Academic journal article New Formations

In the Name of Reproductive Rights: Race, Neoliberalism and the Embodied Violence of Population Policies

Academic journal article New Formations

In the Name of Reproductive Rights: Race, Neoliberalism and the Embodied Violence of Population Policies

Article excerpt

The now dominant post-MDGs approach to population questions has been some time in the making. A key turning point was the 2012 London Family Planning Summit hosted by the British government and the Bill and Melinda Gates Foundation on July 11, World Population Day. Along with USAID, UNFPA and other international organisations, the hosts announced a $2.6 billion family planning strategy, 'FP 2020', to get 120 million more girls and women in the poorest countries to use 'voluntary family planning' by 2020.The strategy relies heavily on the mass promotion of long acting hormonal injectable and implantable contraceptives, in particular Depo-Provera, Implanon and Norplant II or Jadelle (produced by pharmaceutical giants Pfizer, Merck and Bayer respectively) all of which have faced sustained opposition from reproductive health activists, who argue that rather than giving poor women in the Global South much needed access to safe contraception they can control, these approaches potentially further undermine women's health and control over their bodies.1 The agenda-setting role of the Gates Foundation,2 which was instrumental in influencing Britain to take the lead on population issues reflects the increasingly direct role of corporates in global development interventions.3 With the re-imposition and extension by US President Donald Trump of the 'global gag rule' blocking US government aid to any organisation involved in abortion advice and care overseas in 2016, reliance on the Gates Foundation as a donor in the field of reproductive health has inevitably increased further, and its fundamental conflation of questions of population growth with those of women's access to contraception is, I suggest, therefore particularly concerning.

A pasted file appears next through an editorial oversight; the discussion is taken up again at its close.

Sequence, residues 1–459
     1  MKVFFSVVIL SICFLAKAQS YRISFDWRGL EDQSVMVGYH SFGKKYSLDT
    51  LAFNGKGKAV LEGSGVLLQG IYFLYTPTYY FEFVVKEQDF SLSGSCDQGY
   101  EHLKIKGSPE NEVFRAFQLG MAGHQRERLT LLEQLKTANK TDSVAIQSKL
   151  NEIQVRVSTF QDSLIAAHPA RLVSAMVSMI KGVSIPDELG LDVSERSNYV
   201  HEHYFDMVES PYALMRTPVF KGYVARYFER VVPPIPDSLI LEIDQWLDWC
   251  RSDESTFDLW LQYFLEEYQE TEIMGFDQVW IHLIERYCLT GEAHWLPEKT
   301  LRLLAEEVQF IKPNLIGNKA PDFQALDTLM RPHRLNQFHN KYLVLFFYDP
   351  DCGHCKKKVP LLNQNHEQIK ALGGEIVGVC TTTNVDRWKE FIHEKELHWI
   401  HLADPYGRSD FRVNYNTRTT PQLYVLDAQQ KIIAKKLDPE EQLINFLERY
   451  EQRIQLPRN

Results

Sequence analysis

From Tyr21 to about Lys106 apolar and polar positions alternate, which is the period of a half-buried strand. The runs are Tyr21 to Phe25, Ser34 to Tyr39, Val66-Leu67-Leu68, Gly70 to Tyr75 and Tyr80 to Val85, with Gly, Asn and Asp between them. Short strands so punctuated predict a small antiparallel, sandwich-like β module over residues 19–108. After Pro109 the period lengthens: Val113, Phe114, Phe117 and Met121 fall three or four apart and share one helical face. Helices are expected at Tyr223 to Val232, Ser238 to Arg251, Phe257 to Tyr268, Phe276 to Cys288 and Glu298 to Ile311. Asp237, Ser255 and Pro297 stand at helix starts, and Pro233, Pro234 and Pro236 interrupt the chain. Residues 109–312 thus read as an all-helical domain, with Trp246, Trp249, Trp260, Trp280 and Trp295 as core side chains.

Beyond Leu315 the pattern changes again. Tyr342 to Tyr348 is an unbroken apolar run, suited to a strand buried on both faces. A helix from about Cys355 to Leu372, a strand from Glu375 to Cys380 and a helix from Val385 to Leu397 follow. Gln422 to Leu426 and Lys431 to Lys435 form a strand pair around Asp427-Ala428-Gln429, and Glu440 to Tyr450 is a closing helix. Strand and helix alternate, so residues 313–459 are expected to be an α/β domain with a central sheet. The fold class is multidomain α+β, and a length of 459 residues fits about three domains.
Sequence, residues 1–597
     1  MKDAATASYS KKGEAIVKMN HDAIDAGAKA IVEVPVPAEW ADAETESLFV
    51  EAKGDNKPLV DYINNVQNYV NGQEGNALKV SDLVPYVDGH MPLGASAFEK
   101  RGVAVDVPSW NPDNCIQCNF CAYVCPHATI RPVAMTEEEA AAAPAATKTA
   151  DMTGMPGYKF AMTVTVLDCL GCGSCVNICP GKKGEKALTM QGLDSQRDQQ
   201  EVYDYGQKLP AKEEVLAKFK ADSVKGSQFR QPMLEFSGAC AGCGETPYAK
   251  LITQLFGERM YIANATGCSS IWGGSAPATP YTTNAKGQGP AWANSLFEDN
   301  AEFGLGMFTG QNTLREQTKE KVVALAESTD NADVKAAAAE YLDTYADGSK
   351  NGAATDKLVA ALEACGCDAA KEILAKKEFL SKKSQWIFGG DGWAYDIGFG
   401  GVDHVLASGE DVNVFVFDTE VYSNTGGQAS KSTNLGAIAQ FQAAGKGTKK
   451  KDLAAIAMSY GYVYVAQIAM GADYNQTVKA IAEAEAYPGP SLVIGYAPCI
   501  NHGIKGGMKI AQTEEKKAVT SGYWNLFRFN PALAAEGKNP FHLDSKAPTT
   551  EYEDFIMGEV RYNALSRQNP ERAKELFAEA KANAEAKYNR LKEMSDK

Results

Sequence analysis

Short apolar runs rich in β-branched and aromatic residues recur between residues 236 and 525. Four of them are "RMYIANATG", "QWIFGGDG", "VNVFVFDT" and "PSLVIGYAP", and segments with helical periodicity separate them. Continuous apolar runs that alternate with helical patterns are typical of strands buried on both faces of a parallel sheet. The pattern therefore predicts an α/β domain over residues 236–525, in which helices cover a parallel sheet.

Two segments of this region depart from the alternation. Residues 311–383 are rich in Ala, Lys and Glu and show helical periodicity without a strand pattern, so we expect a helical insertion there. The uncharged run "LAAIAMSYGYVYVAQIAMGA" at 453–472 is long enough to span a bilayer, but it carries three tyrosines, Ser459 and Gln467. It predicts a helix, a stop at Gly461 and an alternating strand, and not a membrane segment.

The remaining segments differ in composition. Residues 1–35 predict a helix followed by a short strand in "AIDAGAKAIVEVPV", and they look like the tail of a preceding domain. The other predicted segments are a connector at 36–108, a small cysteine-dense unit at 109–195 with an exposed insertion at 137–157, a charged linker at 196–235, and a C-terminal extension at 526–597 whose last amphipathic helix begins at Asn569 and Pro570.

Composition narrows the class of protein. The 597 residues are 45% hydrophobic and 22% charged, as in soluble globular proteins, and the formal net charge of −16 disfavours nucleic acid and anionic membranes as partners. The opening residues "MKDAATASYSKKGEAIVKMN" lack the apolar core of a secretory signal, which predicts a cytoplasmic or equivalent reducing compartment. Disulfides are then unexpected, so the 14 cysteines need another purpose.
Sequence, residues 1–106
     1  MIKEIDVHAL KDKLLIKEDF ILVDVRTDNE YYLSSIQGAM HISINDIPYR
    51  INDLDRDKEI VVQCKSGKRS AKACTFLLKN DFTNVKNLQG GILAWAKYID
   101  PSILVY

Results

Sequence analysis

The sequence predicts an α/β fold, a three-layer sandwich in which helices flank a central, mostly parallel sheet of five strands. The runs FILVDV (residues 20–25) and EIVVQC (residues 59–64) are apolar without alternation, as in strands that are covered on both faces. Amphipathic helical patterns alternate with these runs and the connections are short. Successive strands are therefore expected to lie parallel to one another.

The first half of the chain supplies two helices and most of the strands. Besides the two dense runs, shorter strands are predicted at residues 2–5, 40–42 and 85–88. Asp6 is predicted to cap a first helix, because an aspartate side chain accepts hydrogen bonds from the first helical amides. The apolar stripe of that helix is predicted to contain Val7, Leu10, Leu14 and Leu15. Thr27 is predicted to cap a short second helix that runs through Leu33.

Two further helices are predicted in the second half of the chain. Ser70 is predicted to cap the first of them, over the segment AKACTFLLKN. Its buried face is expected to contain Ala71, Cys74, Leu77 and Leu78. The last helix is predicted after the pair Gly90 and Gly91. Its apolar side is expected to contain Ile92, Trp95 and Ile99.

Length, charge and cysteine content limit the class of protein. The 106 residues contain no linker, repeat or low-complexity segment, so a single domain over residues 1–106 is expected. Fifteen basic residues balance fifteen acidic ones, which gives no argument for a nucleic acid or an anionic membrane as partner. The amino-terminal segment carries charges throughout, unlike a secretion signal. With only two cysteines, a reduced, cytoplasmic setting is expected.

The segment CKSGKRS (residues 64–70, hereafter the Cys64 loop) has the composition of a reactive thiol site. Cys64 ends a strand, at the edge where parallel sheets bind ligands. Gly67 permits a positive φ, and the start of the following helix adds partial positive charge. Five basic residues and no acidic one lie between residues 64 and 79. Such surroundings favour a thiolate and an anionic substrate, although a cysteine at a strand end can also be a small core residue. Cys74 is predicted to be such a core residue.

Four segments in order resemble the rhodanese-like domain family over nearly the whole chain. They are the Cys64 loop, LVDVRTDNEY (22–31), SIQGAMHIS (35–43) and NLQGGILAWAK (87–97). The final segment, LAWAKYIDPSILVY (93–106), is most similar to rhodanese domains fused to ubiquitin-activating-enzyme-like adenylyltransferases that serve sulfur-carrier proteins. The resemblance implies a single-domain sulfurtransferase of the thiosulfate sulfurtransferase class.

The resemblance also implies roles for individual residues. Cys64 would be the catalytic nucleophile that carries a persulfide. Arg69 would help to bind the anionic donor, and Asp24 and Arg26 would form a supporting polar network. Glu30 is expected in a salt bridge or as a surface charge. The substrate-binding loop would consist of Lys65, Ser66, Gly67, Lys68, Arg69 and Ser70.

Like earlier versions dating back to Malthus, contemporary dominant approaches to population can be characterised as shifting responsibility for poverty away from capital and onto the poor themselves. Population growth in the Global South continues to be linked to climate change, at the expense of attention to the role of corporate capital, in dominant discourse around the Sustainable Development Goals. 4 Given the inescapable fact that, as Betsy Hartmann notes 'The few countries in the world where population growth rates remain high, such as those in sub-Saharan Africa, have among the lowest carbon emissions per capita',5 population agencies have begun to argue that 'family planning is a vital component of climate change adaptation rather than mitigation in Africa'.6

Similarly, population growth in the Global South is held responsible for escalating food crises associated with the expansion of corporate agriculture.7 Like the earlier versions, today's population discourse insists that current economic relationships and structures of power do not need to be changed. In particular, it is not predicated on any reversal of the drastic reduction in health spending which characterises neoliberal policies promoted by the World Bank and the IMF. On the contrary, as we will see, reducing population growth is actively promoted on the basis of its predicted role in limiting the need for future social spending.

But the renewed emphasis on fertility reduction is not only geared towards shifting attention away from global capital's responsibility for poverty, climate change and food crises. Central to the strategy of which the return of population control is a part, is the intensification of women's labour, with responsibility for household survival increasingly feminised, and more and more women incorporated into global value chains dominated by transnational corporations. It is this drive to intensify and incorporate the labour of women in poor households in the Global South which fuels the appropriation and transformation of feminist ideas of gender equality, and specifically that of reproductive rights, an approach which is epitomised by the now ubiquitous slogan of 'investing in women'.

The route by which population policy came to embrace the language of reproductive rights is complex however, and one which we will briefly trace here. …

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